(Jonah's is located on the White Beach front, Station 1 area)

Saturday, May 05, 2007

(Part 2, Boracay series)

As i had mentioned last year during our Dos Palmas beach outing, nothing screams "I had a grand vacation on the beach while everyone else were stuck at their office cubicles under blinding flourescent lighting" like a really great tan.

Of course, overdoing it by getting burnt to a crisp is worse than not going at all. I must have sounded like a broken record to my fellow Bora-mates, with my constant reminders to put on sunblock 20 min. before going out into the sun, re-applying after swimming, etc.

So, without any further ado, here is this beach outing's sunblock review: [Please check the relevant post under Dos Palmas Palawan for the previous sunblock review]

Face Shop Sunscreen Cream SPF 25++ - has a light floral scent and easy to apply. But doesn't absorb well at all. . . streaks when you perspire even a little bit.

Beach Hut Max SPF 75 - spray-on while helps in applying it on your body. Surprisingly absorbsd easily and quite effective, too. Finicky people might not like its alcohol content, though.

Nivea Sun High-Protection Sun Lotion SPF 30 - i'm not quite sure what the touted "specially for Asian skin" on the bottle meant, but it was non-greasy. The smell takes a little getting used to, but i liked it. A reasonably-priced, good-value-for-money sunblock at PHP354 for a 125 ml bottle, easily the cheapest amongst our surveyed sunblocks.

Nivea Sun Face Moisturizing Cream SPF 50 - has a rather strong smell, which unfortunately was off-putting as well. But it wasn't greasy or oily.

VMV Armada Sport SPF 70 - i was apprehensive at first that it would be sticky/oily as most ultra-high SPF sunblocks are, but these fears proved unfounded. Virtually no smell, spreads quite easily, absorbs very very well (doesn't streak) and it really stays on even after you dip into the water! It is pricey though, at nearly PHP1,000.00 for an 85 gm bottle.

And the winner is. . . .(drum roll, please) VMV Armada Sport SPF 70!!! (Clap, clap) R.T. even went as far as saying it was the "best ever" sunblock he has used.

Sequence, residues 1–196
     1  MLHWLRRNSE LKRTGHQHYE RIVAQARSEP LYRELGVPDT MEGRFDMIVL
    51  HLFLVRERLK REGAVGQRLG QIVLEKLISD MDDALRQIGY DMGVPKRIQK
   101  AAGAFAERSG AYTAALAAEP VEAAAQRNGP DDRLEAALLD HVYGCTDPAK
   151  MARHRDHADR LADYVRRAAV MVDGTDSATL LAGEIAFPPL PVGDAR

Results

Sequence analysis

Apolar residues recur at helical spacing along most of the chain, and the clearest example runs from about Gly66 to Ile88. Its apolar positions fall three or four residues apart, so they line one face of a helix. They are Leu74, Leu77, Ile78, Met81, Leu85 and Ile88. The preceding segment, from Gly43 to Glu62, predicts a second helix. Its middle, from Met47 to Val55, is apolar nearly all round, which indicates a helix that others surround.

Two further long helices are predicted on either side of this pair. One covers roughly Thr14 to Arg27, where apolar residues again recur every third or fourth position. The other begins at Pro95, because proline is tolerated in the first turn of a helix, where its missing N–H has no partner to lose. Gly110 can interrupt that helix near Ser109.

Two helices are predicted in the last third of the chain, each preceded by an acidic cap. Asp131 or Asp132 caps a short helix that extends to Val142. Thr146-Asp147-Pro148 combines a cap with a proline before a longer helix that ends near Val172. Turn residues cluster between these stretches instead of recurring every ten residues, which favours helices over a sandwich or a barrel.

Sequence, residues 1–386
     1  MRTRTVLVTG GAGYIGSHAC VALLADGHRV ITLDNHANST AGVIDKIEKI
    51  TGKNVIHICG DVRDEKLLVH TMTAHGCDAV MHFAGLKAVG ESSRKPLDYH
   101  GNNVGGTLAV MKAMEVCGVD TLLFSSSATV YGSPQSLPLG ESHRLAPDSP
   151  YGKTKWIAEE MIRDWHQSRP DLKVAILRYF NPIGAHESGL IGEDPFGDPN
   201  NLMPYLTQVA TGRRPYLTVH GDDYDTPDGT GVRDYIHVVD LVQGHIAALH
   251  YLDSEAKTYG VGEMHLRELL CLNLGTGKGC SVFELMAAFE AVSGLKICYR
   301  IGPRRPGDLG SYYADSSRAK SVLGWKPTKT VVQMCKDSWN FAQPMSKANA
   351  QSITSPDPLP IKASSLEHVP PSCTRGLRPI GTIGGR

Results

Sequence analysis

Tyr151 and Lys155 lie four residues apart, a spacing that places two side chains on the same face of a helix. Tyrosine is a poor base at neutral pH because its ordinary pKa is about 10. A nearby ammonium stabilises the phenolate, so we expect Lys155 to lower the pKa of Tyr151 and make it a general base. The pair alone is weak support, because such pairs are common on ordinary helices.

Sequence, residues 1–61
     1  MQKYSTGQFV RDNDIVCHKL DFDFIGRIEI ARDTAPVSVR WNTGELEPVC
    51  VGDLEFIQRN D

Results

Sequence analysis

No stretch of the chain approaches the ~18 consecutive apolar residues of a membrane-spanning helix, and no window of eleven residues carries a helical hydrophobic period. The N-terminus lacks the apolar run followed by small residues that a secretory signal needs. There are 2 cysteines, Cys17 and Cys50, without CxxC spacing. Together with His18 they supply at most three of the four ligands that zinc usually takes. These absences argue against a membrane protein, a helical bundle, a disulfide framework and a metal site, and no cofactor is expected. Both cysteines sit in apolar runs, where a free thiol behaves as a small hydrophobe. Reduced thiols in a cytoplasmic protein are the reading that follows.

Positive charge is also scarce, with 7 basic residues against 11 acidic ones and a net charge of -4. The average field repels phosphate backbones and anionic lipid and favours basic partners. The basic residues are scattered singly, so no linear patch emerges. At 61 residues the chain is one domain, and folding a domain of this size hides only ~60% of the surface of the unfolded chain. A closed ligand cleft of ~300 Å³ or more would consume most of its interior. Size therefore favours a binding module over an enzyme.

Thursday, May 03, 2007

PRANA Restaurant at Mandala Spa
(Part 1, Boracay series)

(This is the start of a series of unrelated posts regarding my recent trip to the "finest tropical beach in the world", Boracay Island. I don't know whether it lives up to this grand billing, but what the heck, the sand was powdery-white, the sun shining merrily and the beach babes a-plenty and that's all that matters!)

So, you might ask, what was yours truly, a certified carnivore, doing at this vegetarian restaurant?

Well, i thought, if Prana's food was as great as Mandala Spa's massages, surely it would be worth a try, right?

So, here's how our first-ever visit to a vegetarian resto went:

Check out the drinks we ordered, Mango Lassi for R.T. and Calamansi-Mint Slush for yours truly. Truth be told, my drink didn't exactly look that great. . .R.T. thought it looked like "puke"; i though he was being uncharitable, since for me, it resembled a glass of viscous, brackish canal water. ;-D

Both the calamansi and the mint were rather overpowering, and i had to dilute it with water a few times. But overall, very refreshing.

Meanwhile, on to the soups. My Pappa Al Pomodoro (tomato soup) was really something else! Full of intense flavor without being cloying, it was quite filling and was one of the best tomato soups i've ever tasted!

However, R.T. pronounced his Asparagus soup (see above) as "bland". I guess it wasn't what he expected, since it had milk, which was quite unexpected. (The menu just said this soup has "a hint of lemon", nowhere did it say it was "overwhelmingly tasting of milk"!!)

I had mixed feelings about my entree, Cashew Nut Paella. On one hand, i never imagined cashew nuts and paella would go together. The rice was infused with curry, and it actually was a nice-tasting dish. But for some reason, i never fully warmed up to it, and barely finished one-third of my plate.

R.T.'s bad luck wasn't over. His Tagillatelle with Courgette sauce was simply average, nothing to write home about.

All in all, the menu at Prana looks palatable enough (i.e. you wouldn't feel like you have to eat grass and leaves with twigs). Other conventional entrees included Phad Thai, Eggplant mozarella, Nasi Goreng, Pan-fried Tofu, etc. and there is a selection of 5 salads as well.

Prana's interiors were lovely, too. I thought that with the rather high ceiling, wooden floors, old-fashioned ceiling fan, etc., it had this "Old-World" charm. We were seated at the small balcony/veranda, where the breeze was strong and the sunlight was just warm enough without being too hot and disturbing. Very nice, indeed.

So, what was our verdict?

Hmmm. . . .despite the mixed results, I personally think Prana is worth another try next time i'm in Boracay. But something tells me i will be eating alone that next time!!


According to reliable sources, GUS and R.T. were spotted feasting on imported rib-eye and tenderloin at Steakhouse Boracay that same night.)